China is sending four ships — a destroyer, missile frigate, supply ship and submarine rescue ship — to participate in a joint naval drill with Russian warships in waters near the Korean peninsula, the latest sign of increasing cooperation between Moscow and Beijing that is likely intended to challenge U.S. dominance in the region.

The ships left the port of Qingdao, home to China’s north sea fleet, on Wednesday.

China’s Xinhua News Agency reported that the naval drills will be staged in the Sea of Japan near the Korean Peninsula and the Sea of Okhotsk off the northern Japanese island of Hokkaido.

Russia and China are closely aligned on many diplomatic and security issues, with both countries calling for a negotiated settlement of tensions on the Korean Peninsula, preceded by North Korea suspending its nuclear and missile activities in return for the U.S. and South Korea halting their regular large-scale wargames.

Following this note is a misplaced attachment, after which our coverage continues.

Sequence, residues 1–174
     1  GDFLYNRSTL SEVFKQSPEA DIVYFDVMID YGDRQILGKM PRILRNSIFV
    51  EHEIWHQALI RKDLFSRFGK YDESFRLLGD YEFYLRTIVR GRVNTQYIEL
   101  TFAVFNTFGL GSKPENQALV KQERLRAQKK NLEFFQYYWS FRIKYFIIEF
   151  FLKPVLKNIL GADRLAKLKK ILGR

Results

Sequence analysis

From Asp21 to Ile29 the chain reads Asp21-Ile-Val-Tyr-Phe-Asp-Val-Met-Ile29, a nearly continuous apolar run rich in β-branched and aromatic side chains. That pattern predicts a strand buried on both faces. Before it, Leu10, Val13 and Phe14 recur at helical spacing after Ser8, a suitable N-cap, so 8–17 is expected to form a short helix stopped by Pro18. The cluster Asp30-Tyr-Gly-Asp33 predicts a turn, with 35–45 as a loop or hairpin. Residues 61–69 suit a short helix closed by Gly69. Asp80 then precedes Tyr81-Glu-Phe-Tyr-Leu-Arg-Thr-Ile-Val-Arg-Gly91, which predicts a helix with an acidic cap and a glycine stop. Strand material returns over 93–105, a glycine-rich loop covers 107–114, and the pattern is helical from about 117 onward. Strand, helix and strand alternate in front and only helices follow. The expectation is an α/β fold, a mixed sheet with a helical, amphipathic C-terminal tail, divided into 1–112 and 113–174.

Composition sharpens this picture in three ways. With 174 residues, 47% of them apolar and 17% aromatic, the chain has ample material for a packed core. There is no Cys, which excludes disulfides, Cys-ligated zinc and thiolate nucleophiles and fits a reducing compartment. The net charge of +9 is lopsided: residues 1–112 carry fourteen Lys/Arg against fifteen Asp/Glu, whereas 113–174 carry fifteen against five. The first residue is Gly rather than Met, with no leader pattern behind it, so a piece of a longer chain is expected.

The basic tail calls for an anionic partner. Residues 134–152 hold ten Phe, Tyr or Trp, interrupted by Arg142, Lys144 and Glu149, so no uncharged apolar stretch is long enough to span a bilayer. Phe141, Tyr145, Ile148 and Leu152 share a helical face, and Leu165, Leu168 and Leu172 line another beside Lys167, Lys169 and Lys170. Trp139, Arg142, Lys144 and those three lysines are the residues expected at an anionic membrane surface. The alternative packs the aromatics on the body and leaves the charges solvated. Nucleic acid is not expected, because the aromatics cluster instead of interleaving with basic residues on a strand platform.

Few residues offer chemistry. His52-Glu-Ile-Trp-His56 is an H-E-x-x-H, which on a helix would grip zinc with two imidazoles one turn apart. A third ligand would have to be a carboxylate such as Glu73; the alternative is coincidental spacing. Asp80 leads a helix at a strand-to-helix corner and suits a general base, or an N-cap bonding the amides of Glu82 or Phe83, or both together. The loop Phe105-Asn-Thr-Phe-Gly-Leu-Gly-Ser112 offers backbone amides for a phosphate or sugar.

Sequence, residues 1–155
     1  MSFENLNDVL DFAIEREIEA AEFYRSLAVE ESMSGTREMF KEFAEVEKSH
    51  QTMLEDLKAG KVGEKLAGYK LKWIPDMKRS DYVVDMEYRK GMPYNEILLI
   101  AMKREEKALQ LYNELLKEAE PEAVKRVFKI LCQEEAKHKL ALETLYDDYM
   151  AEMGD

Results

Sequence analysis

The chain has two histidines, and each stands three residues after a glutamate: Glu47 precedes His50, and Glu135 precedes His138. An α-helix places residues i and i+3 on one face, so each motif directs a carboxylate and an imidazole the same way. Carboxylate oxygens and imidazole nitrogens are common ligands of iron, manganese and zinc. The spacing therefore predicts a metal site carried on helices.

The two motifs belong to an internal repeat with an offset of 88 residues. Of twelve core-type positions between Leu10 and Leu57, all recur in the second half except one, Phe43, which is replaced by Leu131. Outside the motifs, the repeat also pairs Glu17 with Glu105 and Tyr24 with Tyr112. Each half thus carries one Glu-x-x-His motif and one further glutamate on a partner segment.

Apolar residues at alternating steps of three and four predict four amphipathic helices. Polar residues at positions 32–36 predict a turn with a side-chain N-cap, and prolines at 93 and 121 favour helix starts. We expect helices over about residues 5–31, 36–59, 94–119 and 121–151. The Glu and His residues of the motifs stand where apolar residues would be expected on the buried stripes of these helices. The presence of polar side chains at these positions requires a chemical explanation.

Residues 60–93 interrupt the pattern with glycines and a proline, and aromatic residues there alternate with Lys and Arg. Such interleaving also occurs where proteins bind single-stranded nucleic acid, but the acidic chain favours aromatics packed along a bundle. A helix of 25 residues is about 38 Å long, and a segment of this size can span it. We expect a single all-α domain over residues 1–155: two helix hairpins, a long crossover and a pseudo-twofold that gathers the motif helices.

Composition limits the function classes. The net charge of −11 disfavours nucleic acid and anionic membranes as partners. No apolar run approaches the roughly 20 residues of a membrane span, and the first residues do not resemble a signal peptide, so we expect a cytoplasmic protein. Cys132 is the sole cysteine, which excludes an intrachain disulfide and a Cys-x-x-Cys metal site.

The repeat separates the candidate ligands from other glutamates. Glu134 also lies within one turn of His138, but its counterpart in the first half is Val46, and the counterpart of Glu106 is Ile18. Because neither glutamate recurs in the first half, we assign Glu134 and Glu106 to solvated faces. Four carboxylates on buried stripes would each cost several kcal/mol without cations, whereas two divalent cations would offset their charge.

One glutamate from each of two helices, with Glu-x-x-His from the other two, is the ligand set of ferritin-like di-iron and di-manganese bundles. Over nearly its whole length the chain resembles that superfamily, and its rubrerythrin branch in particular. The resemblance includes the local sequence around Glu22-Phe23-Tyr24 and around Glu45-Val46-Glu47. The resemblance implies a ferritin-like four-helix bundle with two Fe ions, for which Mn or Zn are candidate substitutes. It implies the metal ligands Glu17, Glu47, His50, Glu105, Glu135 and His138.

July’s joint drills in the Baltic stirred concern among countries in the region, where tensions are already high over increased displays of military force by both Moscow and NATO.

In addition, The Associated Press noted China’s widening ship gap with the United States. Currently, the U.S. Navy has a fleet of 277 warships; China has more than 300, making it the largest navy on earth. And more are planned: The U.S. Office of Naval Intelligence forecasts that the People’s Liberation Army (Navy) fleet will grow to between 313-342 warships by 2020.  [source]

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